Video Analysis Supporting Stroke Assessment within the Prehospital Care

Detta är en Master-uppsats från Lunds universitet/Avdelningen för Biomedicinsk teknik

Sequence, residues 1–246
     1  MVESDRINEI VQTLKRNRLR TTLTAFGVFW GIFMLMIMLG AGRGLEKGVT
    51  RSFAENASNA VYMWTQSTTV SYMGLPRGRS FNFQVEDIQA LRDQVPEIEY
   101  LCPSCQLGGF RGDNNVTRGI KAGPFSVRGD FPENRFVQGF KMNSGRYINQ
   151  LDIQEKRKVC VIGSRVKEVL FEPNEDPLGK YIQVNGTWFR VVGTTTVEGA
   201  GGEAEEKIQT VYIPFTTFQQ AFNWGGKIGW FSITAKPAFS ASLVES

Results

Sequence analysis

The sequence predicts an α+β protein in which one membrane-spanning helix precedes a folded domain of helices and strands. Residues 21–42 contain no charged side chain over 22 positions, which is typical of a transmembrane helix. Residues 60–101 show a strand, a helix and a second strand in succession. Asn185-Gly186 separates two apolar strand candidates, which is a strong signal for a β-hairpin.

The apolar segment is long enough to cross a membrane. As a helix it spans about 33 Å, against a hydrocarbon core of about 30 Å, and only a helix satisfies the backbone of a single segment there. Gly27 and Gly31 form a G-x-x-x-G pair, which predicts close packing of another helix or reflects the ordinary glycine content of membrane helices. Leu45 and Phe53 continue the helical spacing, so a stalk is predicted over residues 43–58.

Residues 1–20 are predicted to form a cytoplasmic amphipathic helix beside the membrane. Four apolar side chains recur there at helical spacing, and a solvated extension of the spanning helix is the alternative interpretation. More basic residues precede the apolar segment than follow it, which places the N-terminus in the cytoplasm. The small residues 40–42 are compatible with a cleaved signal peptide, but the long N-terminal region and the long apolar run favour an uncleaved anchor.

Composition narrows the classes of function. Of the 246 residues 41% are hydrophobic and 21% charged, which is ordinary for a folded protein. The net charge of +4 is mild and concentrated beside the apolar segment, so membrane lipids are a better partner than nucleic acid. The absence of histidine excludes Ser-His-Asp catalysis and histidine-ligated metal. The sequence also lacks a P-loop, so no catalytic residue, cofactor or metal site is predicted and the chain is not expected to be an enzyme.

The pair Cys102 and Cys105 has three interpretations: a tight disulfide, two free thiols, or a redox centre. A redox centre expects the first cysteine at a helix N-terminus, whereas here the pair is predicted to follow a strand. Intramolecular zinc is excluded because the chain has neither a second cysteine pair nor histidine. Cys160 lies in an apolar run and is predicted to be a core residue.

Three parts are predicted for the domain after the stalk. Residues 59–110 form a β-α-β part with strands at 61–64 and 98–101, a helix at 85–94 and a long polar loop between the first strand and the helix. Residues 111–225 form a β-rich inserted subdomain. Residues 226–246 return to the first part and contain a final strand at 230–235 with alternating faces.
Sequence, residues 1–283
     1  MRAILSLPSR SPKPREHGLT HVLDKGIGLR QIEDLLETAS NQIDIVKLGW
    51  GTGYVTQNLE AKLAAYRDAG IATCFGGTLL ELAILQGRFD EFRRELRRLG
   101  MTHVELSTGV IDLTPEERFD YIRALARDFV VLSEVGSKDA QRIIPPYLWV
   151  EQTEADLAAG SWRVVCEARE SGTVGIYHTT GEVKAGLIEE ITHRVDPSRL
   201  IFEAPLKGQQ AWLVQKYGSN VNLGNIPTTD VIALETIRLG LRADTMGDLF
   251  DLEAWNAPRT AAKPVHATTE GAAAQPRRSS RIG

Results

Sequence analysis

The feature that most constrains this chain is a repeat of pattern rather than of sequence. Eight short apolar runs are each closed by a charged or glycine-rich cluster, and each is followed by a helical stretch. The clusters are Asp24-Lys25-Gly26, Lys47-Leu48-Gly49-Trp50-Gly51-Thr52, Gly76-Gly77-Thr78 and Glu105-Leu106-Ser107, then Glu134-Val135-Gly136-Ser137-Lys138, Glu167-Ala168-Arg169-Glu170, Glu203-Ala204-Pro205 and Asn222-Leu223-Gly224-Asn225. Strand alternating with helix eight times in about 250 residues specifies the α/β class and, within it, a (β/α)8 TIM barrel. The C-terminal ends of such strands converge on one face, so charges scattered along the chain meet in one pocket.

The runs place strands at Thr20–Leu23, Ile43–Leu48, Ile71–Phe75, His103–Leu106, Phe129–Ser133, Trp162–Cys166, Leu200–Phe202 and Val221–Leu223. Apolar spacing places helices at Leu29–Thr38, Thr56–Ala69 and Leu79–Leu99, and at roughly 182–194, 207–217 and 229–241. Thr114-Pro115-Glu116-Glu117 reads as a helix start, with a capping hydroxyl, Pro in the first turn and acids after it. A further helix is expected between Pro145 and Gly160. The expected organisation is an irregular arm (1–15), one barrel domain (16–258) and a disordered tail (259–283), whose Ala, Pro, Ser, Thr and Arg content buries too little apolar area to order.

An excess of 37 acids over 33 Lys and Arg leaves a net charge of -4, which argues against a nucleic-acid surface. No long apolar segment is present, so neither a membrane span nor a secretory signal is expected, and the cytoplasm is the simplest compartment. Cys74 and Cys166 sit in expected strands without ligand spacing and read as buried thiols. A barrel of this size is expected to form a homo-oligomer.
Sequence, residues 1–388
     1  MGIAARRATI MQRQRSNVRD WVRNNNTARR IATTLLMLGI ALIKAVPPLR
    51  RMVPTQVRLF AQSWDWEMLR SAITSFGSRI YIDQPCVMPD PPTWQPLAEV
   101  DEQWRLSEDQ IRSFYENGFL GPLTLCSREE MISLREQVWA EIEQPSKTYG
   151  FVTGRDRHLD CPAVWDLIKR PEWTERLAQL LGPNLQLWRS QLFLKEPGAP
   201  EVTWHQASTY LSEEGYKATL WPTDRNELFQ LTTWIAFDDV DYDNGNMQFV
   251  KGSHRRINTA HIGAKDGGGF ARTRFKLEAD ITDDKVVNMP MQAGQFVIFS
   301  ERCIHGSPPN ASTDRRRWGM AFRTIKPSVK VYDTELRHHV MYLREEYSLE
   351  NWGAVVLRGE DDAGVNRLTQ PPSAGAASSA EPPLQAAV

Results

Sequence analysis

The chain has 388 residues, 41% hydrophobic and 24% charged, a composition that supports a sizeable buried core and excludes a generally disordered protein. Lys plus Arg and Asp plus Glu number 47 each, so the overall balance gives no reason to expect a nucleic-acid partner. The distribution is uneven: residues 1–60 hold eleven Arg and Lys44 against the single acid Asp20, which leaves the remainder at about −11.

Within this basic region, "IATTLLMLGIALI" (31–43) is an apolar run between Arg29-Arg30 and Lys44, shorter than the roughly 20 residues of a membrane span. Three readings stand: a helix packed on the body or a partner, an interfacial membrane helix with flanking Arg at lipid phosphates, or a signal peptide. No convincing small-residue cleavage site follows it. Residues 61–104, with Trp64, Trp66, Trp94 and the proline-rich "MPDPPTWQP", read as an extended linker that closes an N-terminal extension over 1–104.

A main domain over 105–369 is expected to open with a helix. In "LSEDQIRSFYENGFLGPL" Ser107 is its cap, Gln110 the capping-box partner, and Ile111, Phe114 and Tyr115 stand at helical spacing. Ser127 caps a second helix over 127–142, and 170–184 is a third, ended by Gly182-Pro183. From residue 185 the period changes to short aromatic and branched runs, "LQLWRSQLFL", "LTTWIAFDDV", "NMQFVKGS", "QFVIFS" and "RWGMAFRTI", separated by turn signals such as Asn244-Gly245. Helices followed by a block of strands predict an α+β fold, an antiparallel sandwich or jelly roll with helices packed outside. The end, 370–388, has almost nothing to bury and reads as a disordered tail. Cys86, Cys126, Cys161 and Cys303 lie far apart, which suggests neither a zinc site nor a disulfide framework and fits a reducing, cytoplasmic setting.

Sammanfattning: Sweden, as well as the rest of the world has an increasing life-expectancy creating higher demands on the healthcare providers and on the quality of healthcare. Stroke is the third leading cause of death in Sweden. Prehospital stroke assessment is completed as rapid assessments by paramedics through the use of different stroke scales. Current stroke scales exclusively include qualitative data which results in a low sensitivity of the scales, thereby creating an over-triage of patients. Interrater variability is high, meaning different professionals conclude different assessments for the same patient. The time until treatment after a stroke is essential for the outcome. The faster a diagnosis can be determined the faster the patient can receive care. The paramedics have a large impact on the time from first care contact until diagnosis; therefore a correct stroke assessment is of immense importance. The aim of the thesis is to create a conceptual clinical support system to reduce the over-triage and interrater variability. The conceptual system produced is referred to as the suggested system. The suggested system includes video analysis of stroke patients in order to establish a more equal, patient oriented and knowledge based care. The suggested system detects four important parameters of stroke assessment. The parameters are extremity motor skills, facial-, eye- and head-movements. The four parameters cover eleven out of fifteen factors currently used to perform a stroke assessment at a hospital. The stroke scales used at hospitals are more extensive and detect larger varieties of strokes than prehospital stroke scales. The use of more extensive and accurate stroke scales in the prehospital area has previously been too time-consuming to complete. The output of the suggested system visualises an augmented reality that enhances the assessed parameters resulting in a positive stroke assessment, which provides support to paramedics and on-call doctors. The suggested system includes hardware and software placement and requirements as well as complexities with implementing new technologies and solutions in the prehospital care. Further discussed is the understanding of the single user as well as the integration of a novel system. The collaboration between hospitals and the prehospital environment is crucial for determining consequences, possibilities and difficulties in enhancing the current pathways of stroke assessment.

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